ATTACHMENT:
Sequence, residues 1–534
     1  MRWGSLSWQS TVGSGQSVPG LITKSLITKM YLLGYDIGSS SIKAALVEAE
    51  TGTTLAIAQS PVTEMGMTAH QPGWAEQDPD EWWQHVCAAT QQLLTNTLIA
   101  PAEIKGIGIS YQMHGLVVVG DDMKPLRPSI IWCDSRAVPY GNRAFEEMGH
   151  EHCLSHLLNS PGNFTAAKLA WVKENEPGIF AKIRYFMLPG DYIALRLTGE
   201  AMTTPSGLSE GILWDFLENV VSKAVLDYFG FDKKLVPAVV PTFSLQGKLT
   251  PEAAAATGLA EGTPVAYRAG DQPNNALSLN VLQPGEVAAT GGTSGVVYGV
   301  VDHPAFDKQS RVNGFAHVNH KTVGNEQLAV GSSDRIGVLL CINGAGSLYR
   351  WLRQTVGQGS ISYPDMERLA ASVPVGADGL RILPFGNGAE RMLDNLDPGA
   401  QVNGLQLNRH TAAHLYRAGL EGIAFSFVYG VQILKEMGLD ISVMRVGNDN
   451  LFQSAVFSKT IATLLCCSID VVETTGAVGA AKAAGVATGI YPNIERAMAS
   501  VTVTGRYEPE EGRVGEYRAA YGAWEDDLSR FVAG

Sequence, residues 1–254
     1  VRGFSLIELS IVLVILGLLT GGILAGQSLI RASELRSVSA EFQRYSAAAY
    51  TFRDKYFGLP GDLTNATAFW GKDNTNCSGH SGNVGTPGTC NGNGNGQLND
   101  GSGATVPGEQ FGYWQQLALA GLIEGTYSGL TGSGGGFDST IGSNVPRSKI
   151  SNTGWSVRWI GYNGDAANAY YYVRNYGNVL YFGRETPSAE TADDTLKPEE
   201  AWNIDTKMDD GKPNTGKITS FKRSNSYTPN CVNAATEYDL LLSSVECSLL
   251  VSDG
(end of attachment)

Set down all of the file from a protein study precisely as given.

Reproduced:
Sequence, residues 1–534
     1  MRWGSLSWQS TVGSGQSVPG LITKSLITKM YLLGYDIGSS SIKAALVEAE
    51  TGTTLAIAQS PVTEMGMTAH QPGWAEQDPD EWWQHVCAAT QQLLTNTLIA
   101  PAEIKGIGIS YQMHGLVVVG DDMKPLRPSI IWCDSRAVPY GNRAFEEMGH
   151  EHCLSHLLNS PGNFTAAKLA WVKENEPGIF AKIRYFMLPG DYIALRLTGE
   201  AMTTPSGLSE GILWDFLENV VSKAVLDYFG FDKKLVPAVV PTFSLQGKLT
   251  PEAAAATGLA EGTPVAYRAG DQPNNALSLN VLQPGEVAAT GGTSGVVYGV
   301  VDHPAFDKQS RVNGFAHVNH KTVGNEQLAV GSSDRIGVLL CINGAGSLYR
   351  WLRQTVGQGS ISYPDMERLA ASVPVGADGL RILPFGNGAE RMLDNLDPGA
   401  QVNGLQLNRH TAAHLYRAGL EGIAFSFVYG VQILKEMGLD ISVMRVGNDN
   451  LFQSAVFSKT IATLLCCSID VVETTGAVGA AKAAGVATGI YPNIERAMAS
   501  VTVTGRYEPE EGRVGEYRAA YGAWEDDLSR FVAG

Sequence, residues 1–254
     1  VRGFSLIELS IVLVILGLLT GGILAGQSLI RASELRSVSA EFQRYSAAAY
    51  TFRDKYFGLP GDLTNATAFW GKDNTNCSGH SGNVGTPGTC NGNGNGQLND
   101  GSGATVPGEQ FGYWQQLALA GLIEGTYSGL TGSGGGFDST IGSNVPRSKI
   151  SNTGWSVRWI GYNGDAANAY YYVRNYGNVL YFGRETPSAE TADDTLKPEE
   201  AWNIDTKMDD GKPNTGKITS FKRSNSYTPN CVNAATEYDL LLSSVECSLL
   251  VSDG